It’s that time of the year when many of us are making lists. Sometimes, we’re enumerating things to do, while other lists may include loftier goals for the coming year or names of people or events we appreciate.
I’m big on writing lists of things to do, but I am not generally a fan of expressing explicit thanks for people in my life.
However, it has been a particularly stressful year – between natural disasters, terrorism around the world, gun violence and sexual harassment revelations that few people could have anticipated.
Given all these events, I thought it would be worthwhile to express gratitude for the small but important parts of life. And also, I wanted to grumble a bit about the trend toward rudeness that seems to be increasing.
I have come to know many people who value the important things in life. They aren’t afraid to ask for help and are grateful when they receive it. They aren’t too busy to listen to your problems – in fact, they ask about them! I am happy to say I appreciate those people, as they make life run smoother.
I often take my editorial skills for granted. However, when I help out new authors who are unfamiliar with the basics of writing a book proposal or creating a table of contents, I realize how valuable my experience can be.
I am very appreciative when authors mention me in their book acknowledgements or in emails, thanking me for helping them reach their goal of completing a book.
Most of us have that special ‘person’ in our lives to whom we can talk about anything, even if we haven’t been in touch regularly.
I am grateful for my early morning gym pals who will listen endlessly to my complaints about work, family, health or just about anything on my mind. I am also grateful for my out-of-town close pals who will always respond to a call or text when I’m in need of advice or just a little cheering up.
You hope that you will become friends with colleagues or clients, but that doesn’t always happen. I am grateful for the people who will ask how I am or what’s happening with my family before we start discussing work.
I will always remember people who sent me notes or cards after my parents’ passing. In many cases, the nicest gestures were made by people I didn’t know that well. It was these acquaintances who often shined when others did not.
As a freelancer, I recognize that I’m the one who usually has to go the extra mile. I have to pitch myself and my work, and sometimes that means editing sample pages or doing a half-hour consult without getting paid.
In spite of many years of experience, I accept that this effort is sometimes required for the opportunity to get a new client. Job-seekers find themselves in similar positions; regardless of your background, you may have to provide samples or complete assignments as part of your application.
Lately, though, I’ve seen a pattern of what I’ll refer to as ‘professional rudeness’ that seems to be on the increase. Are these scenarios familiar to you?
I can get busy, and occasionally, emails will disappear into my crowded in-box. However, I usually advise people that I will acknowledge receipt of an email and say when I will be reviewing the material. In fact, when starting a new project, I tell people to follow up if I don’t respond to an email within 48 hours.
That’s pretty clear, I think. But after I have had one or more phone calls, several emails and then send a proposed agreement, why is there radio silence? I would like the person to whom I wrote say, “I have your agreement and will be reviewing it over the next week (or some other timeframe).”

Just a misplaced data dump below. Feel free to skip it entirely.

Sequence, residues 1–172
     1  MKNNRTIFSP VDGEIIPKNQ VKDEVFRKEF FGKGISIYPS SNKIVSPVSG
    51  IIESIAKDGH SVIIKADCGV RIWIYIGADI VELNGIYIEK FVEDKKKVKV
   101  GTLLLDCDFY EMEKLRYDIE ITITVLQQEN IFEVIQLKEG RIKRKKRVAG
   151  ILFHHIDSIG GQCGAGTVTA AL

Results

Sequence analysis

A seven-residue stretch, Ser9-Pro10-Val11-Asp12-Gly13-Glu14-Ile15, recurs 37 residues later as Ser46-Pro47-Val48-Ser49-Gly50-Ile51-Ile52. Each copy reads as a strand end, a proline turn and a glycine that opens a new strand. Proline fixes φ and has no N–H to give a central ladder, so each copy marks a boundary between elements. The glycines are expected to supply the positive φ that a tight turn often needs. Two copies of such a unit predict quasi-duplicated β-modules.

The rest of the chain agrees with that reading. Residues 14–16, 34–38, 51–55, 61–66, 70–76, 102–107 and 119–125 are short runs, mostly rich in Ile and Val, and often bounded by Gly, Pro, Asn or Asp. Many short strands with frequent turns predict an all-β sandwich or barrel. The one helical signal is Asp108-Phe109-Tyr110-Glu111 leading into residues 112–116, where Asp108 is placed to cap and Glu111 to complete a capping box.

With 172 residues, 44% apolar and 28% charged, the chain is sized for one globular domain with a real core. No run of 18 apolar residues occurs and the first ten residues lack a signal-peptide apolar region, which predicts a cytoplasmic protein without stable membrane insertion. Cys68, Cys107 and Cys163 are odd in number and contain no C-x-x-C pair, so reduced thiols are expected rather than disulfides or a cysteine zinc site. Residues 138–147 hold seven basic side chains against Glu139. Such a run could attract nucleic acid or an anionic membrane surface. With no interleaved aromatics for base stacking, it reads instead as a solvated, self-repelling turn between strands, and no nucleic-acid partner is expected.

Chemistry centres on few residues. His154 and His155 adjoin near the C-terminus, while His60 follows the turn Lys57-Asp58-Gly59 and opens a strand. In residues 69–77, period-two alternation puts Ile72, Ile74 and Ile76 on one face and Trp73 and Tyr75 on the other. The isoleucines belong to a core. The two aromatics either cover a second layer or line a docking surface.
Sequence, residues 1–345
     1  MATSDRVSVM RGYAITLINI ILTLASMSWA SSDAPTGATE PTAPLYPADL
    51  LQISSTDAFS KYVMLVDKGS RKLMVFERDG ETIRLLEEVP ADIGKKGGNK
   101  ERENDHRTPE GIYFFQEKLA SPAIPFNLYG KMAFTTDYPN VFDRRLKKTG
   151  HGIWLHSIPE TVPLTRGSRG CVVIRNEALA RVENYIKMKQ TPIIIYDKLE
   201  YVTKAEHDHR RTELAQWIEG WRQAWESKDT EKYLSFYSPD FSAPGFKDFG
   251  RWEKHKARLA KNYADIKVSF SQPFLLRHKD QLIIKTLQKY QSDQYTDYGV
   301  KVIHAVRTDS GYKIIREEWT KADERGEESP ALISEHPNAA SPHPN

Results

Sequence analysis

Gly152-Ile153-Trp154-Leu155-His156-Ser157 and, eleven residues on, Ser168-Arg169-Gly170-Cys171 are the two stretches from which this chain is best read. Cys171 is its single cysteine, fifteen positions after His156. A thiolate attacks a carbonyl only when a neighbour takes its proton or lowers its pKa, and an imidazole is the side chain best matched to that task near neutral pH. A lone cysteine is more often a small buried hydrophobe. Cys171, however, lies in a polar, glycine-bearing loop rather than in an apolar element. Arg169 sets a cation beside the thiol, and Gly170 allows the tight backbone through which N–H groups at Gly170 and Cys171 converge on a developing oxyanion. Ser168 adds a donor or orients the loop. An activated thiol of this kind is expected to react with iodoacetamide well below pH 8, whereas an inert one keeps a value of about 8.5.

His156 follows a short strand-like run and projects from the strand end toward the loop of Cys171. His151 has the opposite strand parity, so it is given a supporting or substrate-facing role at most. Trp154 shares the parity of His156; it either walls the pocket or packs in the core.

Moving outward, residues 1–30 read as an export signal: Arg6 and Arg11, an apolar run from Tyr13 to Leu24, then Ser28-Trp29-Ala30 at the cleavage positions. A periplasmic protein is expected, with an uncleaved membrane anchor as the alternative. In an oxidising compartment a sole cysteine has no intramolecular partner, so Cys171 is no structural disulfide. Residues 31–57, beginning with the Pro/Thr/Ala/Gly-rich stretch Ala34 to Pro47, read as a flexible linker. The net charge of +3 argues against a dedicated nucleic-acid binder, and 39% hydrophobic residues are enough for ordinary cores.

We’re all busy and I have to schedule multiple projects. When someone asks for an agreement, I assume we’ll have a spoken or written conversation regarding any questions about the agreement, but that ultimately, we’ll be working together.
Recently, one author sent me a text with a screenshot of a graph that needed to be re-drawn for his book. I had to forward that text to myself to review in larger type and then send onto the publisher. But I couldn’t recall what chapter it was in; after all, I’m working on several books.
I texted back and asked the author what chapter or page number the graph was on. I’m still waiting for an answer!
Whether it’s a friend finalizing plans, a family member asking for a favor or a client with a work question, let’s keep communication clear. Provide enough details so the person getting the email or text isn’t left wondering or having to do additional research.
You know how kids will keep asking for something they want. You would give an explanation or answer a question, but the kids have seemingly endless responses.
As an editor, I send back material with tracked changes showing my edits along with any comments or questions. The authors will review my edits and then send back a revision or we’ll have a conversation.
However, there are those authors who will send multiple emails asking question after question about why I deleted a particular word or why I made a particular change.
There’s no reason to send multiple texts or emails with question after question. We’re all professionals, and we’re all busy. If you’re responding more than three times, then it’s time for a phone call. This principle doesn’t just apply to work but also when you’re trying to make plans with friends or family.
For the coming year, let’s all try to think about how we behave at work and at home. I believe that how you act in a professional setting is an extension of your personal behavior.
What are some things you are grateful for and what are you grumbling about? Please share your most recent experiences below.
Tags Finding Happiness